Tens of thousands of litres of Admiral Vodka, a Lithuanian brand, lie in large blue vats in a warehouse in the southern Chinese port of Nansha waiting to be bottled for shipment to consumers in southeast Asia.
The 900,000 litres that Nansha, the main port in Guangzhou, handles annually, alongside European wine, Scotch whisky and polyethylene plastic from the United Arab Emirates, are a few examples of how the lesser-known hub has helped Guangzhou gain ground on Hong Kong and become the seventh-largest container port.
“Nansha is one of the Chinese ports that is a little bit invisible to the outside, but it is one of the giants in a region of giants,” says Olaf Merk, a shipping expert at the OECD.
Guangzhou and six other Chinese ports rank among the top 10, as do Singapore, Busan in South Korea and Dubai, according to Lloyd’s List. While Guangzhou is smaller than Shanghai, Hong Kong and Shenzhen, it is growing at a faster rate because of Nansha and its three other ports.
In the decade to the end of 2012, the volume of traffic through Guangzhou port rose 434 per cent to an annual 14.7m TEU (twenty-foot equivalent unit), the measure for big containers. Shanghai grew 188 per cent to 32.5m and Shenzhen rose 116 per cent to 22.9m.
The only Chinese port to grow faster was Ningbo-Zhoushan, south of Shanghai, where volumes rose more than 500 per cent. Meanwhile, Hong Kong expanded 13 per cent to 23.1m, after recording the only annual decline at a Chinese port in 2012.
“What’s striking to see is the relative decline of Hong Kong in comparison with these other ports,” says Mr Merk. Hong Kong is worried that it might lose its spot as the third-biggest port after Shanghai and Singapore.
“We are facing a lot of competition from ports in the south China region,” says Carrie Lam, head of Hong Kong’s civil service. “There is always this worry in the back of my mind that we?.?.?.?drop to number four because of Shenzhen.”
Ms Lam says Hong Kong is trying to compete more on maritime services, for which it has a strong reputation.
The soaring volumes at mainland ports are mainly due to the increase in Chinese trade in recent years, a trend highlighted when China overtook the US as the biggest goods trader.
But Guangzhou is also gaining from ships bypassing Hong Kong, a traditional transshipment hub, and heading directly to the heart of the Pearl River Delta manufacturing area.
This makes more sense when the cargo is destined for, or coming from, cities such as Guangzhou and Foshan on the west side of the river, averting the need for an expensive cross-border drive around the delta.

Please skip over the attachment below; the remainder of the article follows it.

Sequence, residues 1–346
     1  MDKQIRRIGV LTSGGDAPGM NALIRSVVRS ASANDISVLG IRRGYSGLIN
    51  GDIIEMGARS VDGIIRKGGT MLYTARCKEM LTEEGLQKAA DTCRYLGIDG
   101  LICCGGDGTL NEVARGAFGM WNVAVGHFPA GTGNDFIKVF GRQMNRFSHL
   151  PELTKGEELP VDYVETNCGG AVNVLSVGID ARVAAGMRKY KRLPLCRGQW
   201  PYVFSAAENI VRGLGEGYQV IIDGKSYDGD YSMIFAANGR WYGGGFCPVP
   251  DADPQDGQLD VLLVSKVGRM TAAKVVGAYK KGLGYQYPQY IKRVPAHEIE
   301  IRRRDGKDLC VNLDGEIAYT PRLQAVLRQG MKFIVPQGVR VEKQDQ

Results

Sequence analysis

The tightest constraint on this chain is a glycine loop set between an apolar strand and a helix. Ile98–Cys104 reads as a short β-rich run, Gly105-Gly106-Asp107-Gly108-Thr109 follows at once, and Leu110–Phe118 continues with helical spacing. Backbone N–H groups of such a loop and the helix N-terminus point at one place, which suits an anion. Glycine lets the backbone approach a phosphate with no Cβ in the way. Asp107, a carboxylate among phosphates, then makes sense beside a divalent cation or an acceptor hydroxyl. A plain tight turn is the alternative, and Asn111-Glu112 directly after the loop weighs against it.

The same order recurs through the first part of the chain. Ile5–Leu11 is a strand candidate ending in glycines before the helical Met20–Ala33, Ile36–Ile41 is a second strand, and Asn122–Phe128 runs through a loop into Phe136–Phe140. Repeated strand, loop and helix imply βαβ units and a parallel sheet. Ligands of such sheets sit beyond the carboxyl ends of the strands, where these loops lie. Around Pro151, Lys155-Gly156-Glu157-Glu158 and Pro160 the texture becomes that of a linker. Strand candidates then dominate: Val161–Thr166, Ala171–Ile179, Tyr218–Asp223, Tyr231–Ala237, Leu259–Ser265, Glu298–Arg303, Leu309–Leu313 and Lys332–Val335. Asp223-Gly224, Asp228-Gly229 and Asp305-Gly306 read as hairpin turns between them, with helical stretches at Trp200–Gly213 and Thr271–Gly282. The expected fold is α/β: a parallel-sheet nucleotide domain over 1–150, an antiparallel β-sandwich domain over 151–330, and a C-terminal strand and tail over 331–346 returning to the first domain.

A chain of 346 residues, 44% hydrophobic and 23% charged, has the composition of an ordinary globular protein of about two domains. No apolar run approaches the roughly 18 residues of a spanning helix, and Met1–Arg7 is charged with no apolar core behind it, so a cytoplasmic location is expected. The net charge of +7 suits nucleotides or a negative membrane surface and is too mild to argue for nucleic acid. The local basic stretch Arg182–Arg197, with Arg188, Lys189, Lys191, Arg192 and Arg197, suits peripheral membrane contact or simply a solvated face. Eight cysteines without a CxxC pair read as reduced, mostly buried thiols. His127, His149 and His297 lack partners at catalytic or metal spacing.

To attract more volume, Nansha has developed its facilities and deepened the port to allow bigger ships access. It received a big boost in 2011 when Maersk decided to move about a third of its Hong Kong volumes to the port.
Charles De Trenck, an independent shipping analyst, says: “Nansha was a lemon for many years, as it was not charging enough for cost [but] about eight years ago it became apparent that it was going to be OK.”
In contrast, Mr De Trenck says, Hong Kong “lost its mojo a long time ago”, and has seen no direct traffic growth in 15 years; it now relies on transshipment.
Some observers are less pessimistic. Jon Windham, an analyst at Barclays, says Nansha does not pose an “existential threat” to Hong Kong, and a rise in north Asian trade means more demand for transshipment services that will benefit the former British colony.
Nansha operates 37 foreign routes, a significant rise from 11 in 2008, says Zeng Yanhong, an employee at Guangzhou South China Oceangate Container Terminal. She says the port plans to increase the number of deepwater container berths from 10 to as many as 18 in the next few years.
While the port continues to expand, the wider Nansha district, a relatively under-developed area 60km south of Guangzhou, is one of several economic zones Guangdong is promoting as to attract particularly high value-added industry.
Lionel Ni, dean of the Hong Kong University of Science & Technology’s graduate school, which has opened a research institute in Nansha, says it is “important for the future development of Guangzhou”. He says the local government is offering incentives for business, including potential low personal tax rates closer to those in Hong Kong.
One early success for Nansha was the move by Herrenknecht, the German tunnelling equipment maker, to open a plant in 2006, the same year Toyota and its Chinese partner GAC built a factory.
Huang Xiumin at the carmaker said the plant built 251,000 vehicles in 2012 for the Chinese market, of which 30 per cent went through Nansha port.
“Because Nansha has a top level port, the conditions are excellent for the auto industry,” says Ms Huang. “And since it is one of the new development zones in Guangzhou, the potential for future growth is extremely high.”
独立船运分析师查尔斯?德特伦克(Charles De Trenck)说：“南沙港当了很多年鸡肋，因为它一直入不敷出，（但是）大约8年前情况明显好转。”